I will assume, if you are reading this, that you have already read gfixler's Instructable. The primary purpose of this instructable is to highlight some of my modifications on his idea. So if you are planning on building one of these, I recommend you go and read his now.
The non-symetrical nature of some of the die patterns gives the dice cube an extra element of strategy not present in regular Rubik's Cubes. This variable of rotation is an aspect of the "sudocube," but the dice cube is easier to solve, because each face contains identical figures, and every cubie is unique--two properties of the original Rubik's Cube that are not carried over to the "sudocube."
Equipment & Parts List
- 96 D32 Neodymium magnets (100 pack recommended)
- 12 D62 Neodymium magnets
- 27 3/4" or 19mm dice (30 recommended)
- High Strength & Quick Drying Glue or Epoxy (transparent or translucent)
- 3/16" split point drill bit
- 3/8" split point drill bit
- Scrap Wood or Metal to make a Die Jig
- Carpenter's Square
- Drill Press with stop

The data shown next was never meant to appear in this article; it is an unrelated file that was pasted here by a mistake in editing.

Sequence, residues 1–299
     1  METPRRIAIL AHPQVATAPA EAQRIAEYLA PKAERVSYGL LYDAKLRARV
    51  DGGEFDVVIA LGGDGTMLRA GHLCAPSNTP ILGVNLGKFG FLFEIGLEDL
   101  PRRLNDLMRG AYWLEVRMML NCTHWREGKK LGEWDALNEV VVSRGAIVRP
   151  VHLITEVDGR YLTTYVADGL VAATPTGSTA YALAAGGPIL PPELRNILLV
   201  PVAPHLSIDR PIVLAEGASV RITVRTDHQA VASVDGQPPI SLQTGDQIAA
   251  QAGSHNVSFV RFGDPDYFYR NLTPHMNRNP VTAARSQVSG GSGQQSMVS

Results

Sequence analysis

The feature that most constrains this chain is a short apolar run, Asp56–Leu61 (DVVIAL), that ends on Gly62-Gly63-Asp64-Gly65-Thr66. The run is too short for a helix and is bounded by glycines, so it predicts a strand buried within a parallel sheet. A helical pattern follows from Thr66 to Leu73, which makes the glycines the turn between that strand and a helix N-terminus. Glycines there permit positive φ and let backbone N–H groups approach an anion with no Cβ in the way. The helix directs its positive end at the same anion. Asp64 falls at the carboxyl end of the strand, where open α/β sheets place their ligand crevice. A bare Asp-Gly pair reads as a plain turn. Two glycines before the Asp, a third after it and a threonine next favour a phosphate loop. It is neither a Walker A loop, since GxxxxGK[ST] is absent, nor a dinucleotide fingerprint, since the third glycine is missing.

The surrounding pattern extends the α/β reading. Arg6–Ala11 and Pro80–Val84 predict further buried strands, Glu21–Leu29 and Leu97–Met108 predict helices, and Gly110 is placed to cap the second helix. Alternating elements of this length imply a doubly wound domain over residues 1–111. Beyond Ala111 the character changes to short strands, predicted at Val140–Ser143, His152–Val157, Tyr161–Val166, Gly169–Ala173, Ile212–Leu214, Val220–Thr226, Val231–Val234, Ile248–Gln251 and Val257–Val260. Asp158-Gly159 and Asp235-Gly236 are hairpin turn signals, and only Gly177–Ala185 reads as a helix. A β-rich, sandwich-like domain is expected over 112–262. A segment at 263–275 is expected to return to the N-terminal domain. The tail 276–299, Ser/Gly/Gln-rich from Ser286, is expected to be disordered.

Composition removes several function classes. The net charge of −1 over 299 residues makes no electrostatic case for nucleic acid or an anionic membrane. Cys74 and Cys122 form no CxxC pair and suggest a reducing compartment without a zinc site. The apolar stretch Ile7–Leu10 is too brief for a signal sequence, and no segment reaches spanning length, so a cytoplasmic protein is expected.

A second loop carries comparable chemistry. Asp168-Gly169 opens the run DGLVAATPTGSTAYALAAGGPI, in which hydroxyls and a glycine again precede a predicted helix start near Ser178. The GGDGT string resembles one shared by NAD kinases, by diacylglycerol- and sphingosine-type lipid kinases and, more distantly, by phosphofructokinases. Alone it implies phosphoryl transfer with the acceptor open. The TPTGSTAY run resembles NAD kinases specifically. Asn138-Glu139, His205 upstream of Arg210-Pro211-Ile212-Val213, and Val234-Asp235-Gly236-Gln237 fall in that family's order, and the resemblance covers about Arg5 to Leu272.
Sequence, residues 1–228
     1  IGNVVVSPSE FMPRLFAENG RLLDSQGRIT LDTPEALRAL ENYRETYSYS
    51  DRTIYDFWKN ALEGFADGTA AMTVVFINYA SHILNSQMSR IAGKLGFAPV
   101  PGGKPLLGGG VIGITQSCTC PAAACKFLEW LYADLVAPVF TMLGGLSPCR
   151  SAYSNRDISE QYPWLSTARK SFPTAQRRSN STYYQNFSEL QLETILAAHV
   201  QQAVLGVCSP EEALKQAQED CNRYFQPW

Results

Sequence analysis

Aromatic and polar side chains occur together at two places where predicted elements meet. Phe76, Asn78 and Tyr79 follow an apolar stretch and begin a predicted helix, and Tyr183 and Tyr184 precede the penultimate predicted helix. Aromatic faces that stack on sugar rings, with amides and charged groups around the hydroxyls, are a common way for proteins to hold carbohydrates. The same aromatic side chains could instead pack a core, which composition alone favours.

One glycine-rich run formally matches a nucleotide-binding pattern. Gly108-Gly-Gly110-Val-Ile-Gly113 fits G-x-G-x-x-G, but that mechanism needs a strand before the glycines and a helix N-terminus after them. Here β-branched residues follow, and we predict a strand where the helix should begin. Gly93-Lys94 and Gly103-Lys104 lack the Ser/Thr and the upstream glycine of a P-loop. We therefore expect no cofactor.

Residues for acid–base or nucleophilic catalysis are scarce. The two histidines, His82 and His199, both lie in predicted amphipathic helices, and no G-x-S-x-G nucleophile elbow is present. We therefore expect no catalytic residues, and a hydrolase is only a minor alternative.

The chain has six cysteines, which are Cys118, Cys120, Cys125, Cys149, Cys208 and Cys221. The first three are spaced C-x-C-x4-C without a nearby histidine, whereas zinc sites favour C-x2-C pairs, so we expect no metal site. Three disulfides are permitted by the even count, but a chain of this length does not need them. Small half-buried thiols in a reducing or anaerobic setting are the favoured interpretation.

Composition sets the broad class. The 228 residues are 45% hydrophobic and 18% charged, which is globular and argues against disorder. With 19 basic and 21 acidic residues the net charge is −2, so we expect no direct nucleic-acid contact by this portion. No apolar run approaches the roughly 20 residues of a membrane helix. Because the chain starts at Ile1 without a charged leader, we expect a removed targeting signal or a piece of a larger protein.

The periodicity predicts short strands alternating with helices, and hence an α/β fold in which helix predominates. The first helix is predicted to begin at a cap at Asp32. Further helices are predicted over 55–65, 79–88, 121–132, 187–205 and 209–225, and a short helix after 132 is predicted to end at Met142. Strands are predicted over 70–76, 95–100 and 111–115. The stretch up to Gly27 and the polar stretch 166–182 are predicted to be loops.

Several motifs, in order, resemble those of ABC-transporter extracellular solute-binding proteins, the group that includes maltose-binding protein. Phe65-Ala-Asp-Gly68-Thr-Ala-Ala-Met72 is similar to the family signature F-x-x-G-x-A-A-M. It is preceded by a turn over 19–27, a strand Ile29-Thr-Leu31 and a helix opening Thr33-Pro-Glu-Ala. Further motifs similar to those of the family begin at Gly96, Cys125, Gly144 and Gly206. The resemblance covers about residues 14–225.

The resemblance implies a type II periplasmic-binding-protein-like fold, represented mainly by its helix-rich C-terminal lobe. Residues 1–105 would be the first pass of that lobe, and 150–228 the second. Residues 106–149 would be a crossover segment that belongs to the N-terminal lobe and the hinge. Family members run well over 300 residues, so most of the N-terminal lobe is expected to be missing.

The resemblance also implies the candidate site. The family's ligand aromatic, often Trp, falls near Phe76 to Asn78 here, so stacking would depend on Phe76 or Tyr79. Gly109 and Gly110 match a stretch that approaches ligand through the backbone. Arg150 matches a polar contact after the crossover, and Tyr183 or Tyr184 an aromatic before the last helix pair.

- At least 3 clamps - more is better
- Shop Vac
- Standard head screwdriver
Update (2007-07-20)It's been a while since I've been around here; lately my internet has been sporadic at best, and nonexistent at worst. But I'm here now and I'll try to get caught up. I've noticed that the same questions tend to come up again and again in comments, so I've decided to answer some of those here.
All in all, the cube cost me about $60, although at least a third of that was for shipping and handling, as well as the drill bits that I bought specifically for it.
Many people assume that the cube spins just like a normal rubik's cube (I did too at first), but in reality, the faces move in more of a snapping motion, which is quite satisfying, though it doesn't lend itself readily to speedcubing.
If you take the time to analyze the magnet orientations and polarities, you will probably come to the conclusion that creating a 2x2x2 cube with dice and magnets is impossible. Indeed, any magnetic cube with an even number of sides presents some interesting problems, but they aren't insurmountable ones. You just have to think outside the box (or in this case, the cube). I am in fact, currently making at 2x2 cube. I started a few weeks after I finished the 3x3, but I haven't worked on it since then until today. That being said, I should probably have it finished this weekend. I believe that a 4x4 would also be possible, though more difficult and certainly quite heavy. Anything higher than that is probably a pipe dream. (probably)